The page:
research papers\(\def\hfill{\hskip 5em}\def\hfil{\hskip 3em}\def\eqno#1{\hfil {#1}}\)

Journal logoJOURNAL OF
APPLIED
CRYSTALLOGRAPHY
ISSN: 1600-5767
Volume 49| Part 1| February 2016| Pages 182-187

X-ray nanodiffraction analysis of stress oscillations in a W thin film on through-silicon via

aDepartment of Materials Physics, Montanuniversität Leoben, Leoben, Austria, bMaterials Center Leoben Forschung GmbH, Roseggerstrasse 12, Leoben, Austria, cEuropean Synchrotron Radiation Facility, 6 Rue Jules Horowitz, Grenoble, France, dams AG, Unterpremstätten, Austria, and eDepartment of Physical Metallurgy and Materials Testing, Montanuniversität Leoben, Austria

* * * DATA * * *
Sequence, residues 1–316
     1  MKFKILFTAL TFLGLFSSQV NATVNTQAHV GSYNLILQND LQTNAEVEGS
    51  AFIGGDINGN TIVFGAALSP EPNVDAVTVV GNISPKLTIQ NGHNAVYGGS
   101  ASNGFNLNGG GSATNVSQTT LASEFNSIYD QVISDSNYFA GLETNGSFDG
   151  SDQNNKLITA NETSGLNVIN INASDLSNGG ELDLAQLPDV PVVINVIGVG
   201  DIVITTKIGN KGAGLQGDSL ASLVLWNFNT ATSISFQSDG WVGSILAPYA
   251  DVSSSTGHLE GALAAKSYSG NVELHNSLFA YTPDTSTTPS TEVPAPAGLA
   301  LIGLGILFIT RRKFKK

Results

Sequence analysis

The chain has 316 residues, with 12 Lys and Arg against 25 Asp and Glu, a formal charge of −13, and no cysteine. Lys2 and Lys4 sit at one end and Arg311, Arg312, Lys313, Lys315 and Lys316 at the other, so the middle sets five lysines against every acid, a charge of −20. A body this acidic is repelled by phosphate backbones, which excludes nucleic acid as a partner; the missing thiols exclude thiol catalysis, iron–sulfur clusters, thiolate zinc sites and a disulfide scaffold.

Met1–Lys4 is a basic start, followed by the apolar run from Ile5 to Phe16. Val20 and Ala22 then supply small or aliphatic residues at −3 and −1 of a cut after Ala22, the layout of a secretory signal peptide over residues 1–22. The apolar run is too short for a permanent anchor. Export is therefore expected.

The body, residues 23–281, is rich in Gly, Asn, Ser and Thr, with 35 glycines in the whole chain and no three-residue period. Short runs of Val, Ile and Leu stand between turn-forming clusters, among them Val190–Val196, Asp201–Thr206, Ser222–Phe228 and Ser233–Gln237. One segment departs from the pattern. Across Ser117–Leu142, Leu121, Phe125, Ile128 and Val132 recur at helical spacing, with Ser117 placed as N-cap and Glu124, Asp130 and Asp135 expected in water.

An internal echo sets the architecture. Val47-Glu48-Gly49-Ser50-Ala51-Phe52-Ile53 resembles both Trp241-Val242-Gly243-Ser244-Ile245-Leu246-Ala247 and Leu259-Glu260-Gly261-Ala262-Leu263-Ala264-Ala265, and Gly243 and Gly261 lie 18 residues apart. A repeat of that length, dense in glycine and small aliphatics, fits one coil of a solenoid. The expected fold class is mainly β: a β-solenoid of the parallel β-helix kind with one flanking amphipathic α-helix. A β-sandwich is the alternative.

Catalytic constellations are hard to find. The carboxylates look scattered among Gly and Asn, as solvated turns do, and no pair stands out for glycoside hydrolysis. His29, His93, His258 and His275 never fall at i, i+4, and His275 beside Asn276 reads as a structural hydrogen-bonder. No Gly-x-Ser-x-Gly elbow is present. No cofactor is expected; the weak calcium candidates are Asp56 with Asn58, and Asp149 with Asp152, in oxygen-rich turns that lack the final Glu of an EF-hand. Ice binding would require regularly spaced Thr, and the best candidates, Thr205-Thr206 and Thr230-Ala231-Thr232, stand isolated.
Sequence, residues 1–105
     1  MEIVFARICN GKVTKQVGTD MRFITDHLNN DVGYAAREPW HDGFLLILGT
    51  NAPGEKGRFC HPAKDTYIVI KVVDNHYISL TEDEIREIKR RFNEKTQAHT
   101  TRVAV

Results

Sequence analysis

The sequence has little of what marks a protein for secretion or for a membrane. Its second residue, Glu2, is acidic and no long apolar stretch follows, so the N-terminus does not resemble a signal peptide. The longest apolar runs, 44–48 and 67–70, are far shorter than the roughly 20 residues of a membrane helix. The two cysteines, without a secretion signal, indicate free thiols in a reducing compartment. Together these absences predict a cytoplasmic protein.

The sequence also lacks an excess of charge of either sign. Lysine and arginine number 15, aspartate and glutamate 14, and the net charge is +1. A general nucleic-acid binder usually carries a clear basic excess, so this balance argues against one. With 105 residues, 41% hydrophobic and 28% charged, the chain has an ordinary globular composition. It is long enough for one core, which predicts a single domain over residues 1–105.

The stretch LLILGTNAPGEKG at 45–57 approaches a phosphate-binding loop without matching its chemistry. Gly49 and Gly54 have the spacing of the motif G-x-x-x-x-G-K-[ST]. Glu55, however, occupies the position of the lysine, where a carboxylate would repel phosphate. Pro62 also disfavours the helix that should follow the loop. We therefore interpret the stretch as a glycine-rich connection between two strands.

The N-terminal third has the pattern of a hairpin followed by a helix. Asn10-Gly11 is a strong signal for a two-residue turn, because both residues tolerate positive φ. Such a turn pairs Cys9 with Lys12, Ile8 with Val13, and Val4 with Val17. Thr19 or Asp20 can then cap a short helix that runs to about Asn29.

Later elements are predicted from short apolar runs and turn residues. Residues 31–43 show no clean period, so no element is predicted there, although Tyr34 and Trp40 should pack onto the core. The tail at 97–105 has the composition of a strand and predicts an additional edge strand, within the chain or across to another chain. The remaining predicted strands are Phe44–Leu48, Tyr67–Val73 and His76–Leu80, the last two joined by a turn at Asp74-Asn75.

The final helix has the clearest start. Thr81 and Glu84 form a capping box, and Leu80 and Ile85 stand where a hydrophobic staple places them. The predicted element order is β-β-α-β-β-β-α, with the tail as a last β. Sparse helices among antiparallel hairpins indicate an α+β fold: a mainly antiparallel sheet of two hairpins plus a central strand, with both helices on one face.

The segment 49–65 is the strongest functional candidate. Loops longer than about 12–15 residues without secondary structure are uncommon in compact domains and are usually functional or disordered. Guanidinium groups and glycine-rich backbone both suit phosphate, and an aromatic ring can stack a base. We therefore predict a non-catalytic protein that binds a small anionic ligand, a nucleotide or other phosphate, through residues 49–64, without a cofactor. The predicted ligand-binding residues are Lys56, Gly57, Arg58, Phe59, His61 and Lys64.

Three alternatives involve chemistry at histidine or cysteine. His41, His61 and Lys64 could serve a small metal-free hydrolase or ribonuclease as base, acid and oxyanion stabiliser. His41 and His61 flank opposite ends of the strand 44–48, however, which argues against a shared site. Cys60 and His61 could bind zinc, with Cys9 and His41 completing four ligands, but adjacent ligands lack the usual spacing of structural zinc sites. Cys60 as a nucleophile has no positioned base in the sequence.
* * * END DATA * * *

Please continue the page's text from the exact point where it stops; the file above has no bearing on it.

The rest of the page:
*Correspondence e-mail: jozef.keckes@gmail.com

Edited by A. Borbély, Ecole National Supérieure des Mines, Saint-Etienne, France (Received 14 October 2015; accepted 6 December 2015)

Synchrotron X-ray nanodiffraction is used to analyse residual stress distributions in a 200 nm-thick W film deposited on the scalloped inner wall of a through-silicon via. The diffraction data are evaluated using a novel dedicated methodology which allows the quantification of axial and tangential stress components under the condition that radial stresses are negligible. The results reveal oscillatory axial stresses in the range of ∼445–885 MPa, with a distribution that correlates well with the scallop wavelength and morphology, as well as nearly constant tangential stresses of ∼800 MPa. The discrepancy with larger stress values obtained from a finite-element model, as well as from a blanket W film, is attributed to the morphology and microstructural nature of the W film in the via.